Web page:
The strange thing about bailouts, such as the one Donald Trump and Mike Pence just organized for the Carrier air-conditioner company, is that they are detested in theory but relatively popular in practice, at least when they are put together by your guy. When Barack Obama boasted of having saved GM, he wasn’t scoffed at as a meddling know-nothing who used other people’s money to save incompetent corporate managers and rapacious union goons from their own stupidity and excesses — he was considered a friend of the working man, or at least a well-intentioned would-be friend.
Carrier, it is worth noting, is not a bankrupt, struggling dinosaur manufacturer like GM: It turned a handsome profit of $4 billion last year.
United Technologies, a large manufacturing conglomerate that owns Carrier along with Otis elevators and Pratt & Whitney engines, operates a few facilities in Mike Pence’s home state of Indiana. While the presidential campaign was under way, it announced that it was going to relocate one of those facilities, a furnace plant, to Mexico, along with the jobs associated with it. A second facility was to be relocated as well, affecting a total of about 2,000 jobs. That this was happening in his vice-presidential nominee’s backyard was embarrassing for Trump.
United Technologies, like General Electric and Lockheed Martin, is deeply enmeshed in government. It derives at least 25 percent of its revenue from government contracts, 10 percent of it from the Department of Defense alone. It is not a company that can afford to have an enemy in the White House or the Pentagon. Which is to say that Trump, who prides himself on his negotiating skills, entered the negotiation with a very strong hand. Spending a few million dollars a year on more expensive labor in Indiana is chump change compared with the $5.6 billion in aircraft engines and components United sold to the federal government last year.
Set aside, for the moment, the fact that using those federal contracts as leverage is kinda sorta technically illegal. It is difficult to imagine that a mere matter of law would prevent Trump from playing that card, and knowledgeable players such as former Indiana lieutenant governor John Mutz, who sits on the board of the Indiana Economic Development Corporation, are frank about the larger financial stakes for United, as indeed is the firm’s CEO, who told Jim Cramer that the possibility of losing its government contracts weighed on his decision to give Trump a win in Indiana, however symbolic. In fact, Mutz’s organization had put together a similar proposal and was rejected by the company. Trump’s deal was substantially the same, but it was coming from the president-elect.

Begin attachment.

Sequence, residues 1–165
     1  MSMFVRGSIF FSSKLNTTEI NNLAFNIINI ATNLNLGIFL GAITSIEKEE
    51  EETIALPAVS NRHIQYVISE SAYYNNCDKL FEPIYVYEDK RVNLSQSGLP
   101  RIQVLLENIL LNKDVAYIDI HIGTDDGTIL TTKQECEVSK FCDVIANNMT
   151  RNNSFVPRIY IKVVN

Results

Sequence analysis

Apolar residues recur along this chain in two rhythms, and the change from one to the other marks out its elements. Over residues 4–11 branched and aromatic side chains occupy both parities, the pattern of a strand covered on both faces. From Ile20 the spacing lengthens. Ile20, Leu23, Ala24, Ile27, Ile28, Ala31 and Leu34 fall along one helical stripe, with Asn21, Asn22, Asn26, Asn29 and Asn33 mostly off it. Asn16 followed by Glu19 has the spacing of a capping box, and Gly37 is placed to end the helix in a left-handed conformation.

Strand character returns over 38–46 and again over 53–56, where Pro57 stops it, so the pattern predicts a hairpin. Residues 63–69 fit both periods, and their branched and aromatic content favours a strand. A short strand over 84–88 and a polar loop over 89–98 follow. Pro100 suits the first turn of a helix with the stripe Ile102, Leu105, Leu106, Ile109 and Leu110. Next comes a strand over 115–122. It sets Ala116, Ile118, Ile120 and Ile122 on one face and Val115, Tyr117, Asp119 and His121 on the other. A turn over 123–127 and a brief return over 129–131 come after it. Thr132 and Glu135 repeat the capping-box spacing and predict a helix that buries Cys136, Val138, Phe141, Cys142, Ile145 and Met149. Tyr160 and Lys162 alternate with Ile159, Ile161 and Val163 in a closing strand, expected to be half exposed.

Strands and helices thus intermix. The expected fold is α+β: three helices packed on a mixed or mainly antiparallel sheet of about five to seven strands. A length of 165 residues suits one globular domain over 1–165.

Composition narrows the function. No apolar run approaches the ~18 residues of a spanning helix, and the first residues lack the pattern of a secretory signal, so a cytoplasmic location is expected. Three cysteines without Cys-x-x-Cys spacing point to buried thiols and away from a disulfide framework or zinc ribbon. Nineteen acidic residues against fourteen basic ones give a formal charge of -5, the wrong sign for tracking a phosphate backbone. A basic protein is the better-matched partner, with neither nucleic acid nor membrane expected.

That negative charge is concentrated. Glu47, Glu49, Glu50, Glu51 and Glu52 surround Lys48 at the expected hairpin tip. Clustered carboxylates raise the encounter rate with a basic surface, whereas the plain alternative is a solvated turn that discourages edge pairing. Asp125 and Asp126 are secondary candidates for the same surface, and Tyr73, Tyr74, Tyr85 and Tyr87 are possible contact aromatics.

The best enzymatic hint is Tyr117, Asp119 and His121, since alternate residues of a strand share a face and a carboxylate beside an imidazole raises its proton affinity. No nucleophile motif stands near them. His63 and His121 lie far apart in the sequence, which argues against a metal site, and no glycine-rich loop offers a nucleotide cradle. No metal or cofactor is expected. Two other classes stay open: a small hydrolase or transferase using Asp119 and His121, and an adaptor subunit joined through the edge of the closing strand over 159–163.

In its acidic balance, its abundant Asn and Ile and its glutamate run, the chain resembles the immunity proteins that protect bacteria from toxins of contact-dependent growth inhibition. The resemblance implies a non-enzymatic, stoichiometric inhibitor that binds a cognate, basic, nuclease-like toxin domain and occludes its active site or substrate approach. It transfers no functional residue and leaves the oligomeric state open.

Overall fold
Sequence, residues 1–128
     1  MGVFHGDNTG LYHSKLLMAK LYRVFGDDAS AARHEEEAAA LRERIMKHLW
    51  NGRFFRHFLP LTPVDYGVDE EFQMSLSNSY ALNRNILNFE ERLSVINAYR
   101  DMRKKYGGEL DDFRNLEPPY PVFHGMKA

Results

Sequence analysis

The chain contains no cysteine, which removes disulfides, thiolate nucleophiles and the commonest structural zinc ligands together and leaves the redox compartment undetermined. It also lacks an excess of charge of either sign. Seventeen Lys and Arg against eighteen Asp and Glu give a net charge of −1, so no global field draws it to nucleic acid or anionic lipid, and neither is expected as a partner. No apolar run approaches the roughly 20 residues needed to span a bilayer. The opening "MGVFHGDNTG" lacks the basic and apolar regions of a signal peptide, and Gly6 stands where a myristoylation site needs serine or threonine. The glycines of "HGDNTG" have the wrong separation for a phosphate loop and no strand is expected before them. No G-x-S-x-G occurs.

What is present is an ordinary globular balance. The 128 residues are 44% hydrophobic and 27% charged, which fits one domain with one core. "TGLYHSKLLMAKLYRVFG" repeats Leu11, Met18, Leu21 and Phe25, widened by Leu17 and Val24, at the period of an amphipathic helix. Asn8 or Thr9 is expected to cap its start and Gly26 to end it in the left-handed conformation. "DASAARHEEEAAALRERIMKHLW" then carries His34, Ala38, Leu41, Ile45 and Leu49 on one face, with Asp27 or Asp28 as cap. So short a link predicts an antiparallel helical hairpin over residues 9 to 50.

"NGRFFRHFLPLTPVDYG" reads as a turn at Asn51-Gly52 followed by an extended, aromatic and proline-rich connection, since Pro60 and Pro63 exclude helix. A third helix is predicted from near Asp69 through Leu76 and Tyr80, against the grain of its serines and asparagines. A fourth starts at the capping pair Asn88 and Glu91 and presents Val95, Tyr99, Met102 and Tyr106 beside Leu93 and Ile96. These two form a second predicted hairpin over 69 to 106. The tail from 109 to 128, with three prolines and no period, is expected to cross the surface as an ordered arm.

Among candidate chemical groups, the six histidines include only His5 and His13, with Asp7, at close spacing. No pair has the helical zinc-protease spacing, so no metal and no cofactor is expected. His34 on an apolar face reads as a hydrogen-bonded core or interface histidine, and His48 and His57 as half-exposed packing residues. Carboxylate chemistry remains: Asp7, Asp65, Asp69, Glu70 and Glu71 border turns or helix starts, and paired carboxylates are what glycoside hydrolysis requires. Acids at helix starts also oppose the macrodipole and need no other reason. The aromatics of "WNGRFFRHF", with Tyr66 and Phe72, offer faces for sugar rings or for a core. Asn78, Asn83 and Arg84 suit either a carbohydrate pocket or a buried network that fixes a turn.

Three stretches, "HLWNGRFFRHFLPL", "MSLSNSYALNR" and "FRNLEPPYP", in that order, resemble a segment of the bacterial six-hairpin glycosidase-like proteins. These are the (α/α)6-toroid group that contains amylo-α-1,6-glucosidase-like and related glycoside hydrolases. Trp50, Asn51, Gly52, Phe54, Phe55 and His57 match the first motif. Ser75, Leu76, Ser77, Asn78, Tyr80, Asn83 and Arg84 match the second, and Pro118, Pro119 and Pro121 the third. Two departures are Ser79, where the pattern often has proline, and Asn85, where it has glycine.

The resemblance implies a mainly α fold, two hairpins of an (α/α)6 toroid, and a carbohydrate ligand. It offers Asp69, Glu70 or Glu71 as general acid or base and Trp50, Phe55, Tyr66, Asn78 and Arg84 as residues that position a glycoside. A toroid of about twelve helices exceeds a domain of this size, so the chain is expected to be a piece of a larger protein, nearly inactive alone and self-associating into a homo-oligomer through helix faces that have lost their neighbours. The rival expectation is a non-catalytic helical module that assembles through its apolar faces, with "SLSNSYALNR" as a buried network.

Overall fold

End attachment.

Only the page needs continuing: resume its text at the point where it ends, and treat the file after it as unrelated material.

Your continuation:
So, why didn’t Trump get more?
The answer is probably straightforward: He didn’t need more. Trump began his public life as a creature of the tabloid press in New York and is now a creature of social media. He was an incompetent casino operator and hotelier, but he understands publicity and has a genuine gift for it — without that, he’d just be another Fifth Avenue doofus who inherited a $200 million real-estate portfolio from his dad. There will be a day or two of headlines with the words “Trump,” “deal,” “Indiana,” and “jobs,” and that suits Trump. The emptiness of the deal will be documented and lamented by the 0.4 percent of Americans who follow these things closely.